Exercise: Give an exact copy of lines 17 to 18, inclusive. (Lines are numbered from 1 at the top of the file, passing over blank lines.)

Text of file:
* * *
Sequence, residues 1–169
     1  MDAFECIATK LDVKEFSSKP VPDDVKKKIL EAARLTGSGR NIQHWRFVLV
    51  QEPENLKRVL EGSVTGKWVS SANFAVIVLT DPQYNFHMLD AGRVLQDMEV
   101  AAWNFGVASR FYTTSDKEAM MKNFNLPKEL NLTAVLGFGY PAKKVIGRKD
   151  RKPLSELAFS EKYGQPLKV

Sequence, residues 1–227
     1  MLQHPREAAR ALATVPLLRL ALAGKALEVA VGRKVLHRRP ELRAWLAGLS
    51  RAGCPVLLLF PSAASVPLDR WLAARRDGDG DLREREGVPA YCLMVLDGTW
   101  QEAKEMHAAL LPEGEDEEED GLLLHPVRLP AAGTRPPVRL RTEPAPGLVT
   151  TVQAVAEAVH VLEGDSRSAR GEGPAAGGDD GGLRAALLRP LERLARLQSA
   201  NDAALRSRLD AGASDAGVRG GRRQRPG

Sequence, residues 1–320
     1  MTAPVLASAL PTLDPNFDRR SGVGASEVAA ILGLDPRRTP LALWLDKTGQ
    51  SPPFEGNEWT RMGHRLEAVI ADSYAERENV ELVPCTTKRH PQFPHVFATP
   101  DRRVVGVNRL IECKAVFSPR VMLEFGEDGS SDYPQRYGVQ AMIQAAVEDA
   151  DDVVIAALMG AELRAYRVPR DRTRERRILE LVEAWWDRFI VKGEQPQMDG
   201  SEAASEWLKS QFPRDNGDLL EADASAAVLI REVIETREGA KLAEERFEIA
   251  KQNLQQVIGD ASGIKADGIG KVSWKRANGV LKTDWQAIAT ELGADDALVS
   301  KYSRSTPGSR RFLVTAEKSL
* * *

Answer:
   201  SEAASEWLKS QFPRDNGDLL EADASAAVLI REVIETREGA KLAEERFEIA
   251  KQNLQQVIGD ASGIKADGIG KVSWKRANGV LKTDWQAIAT ELGADDALVS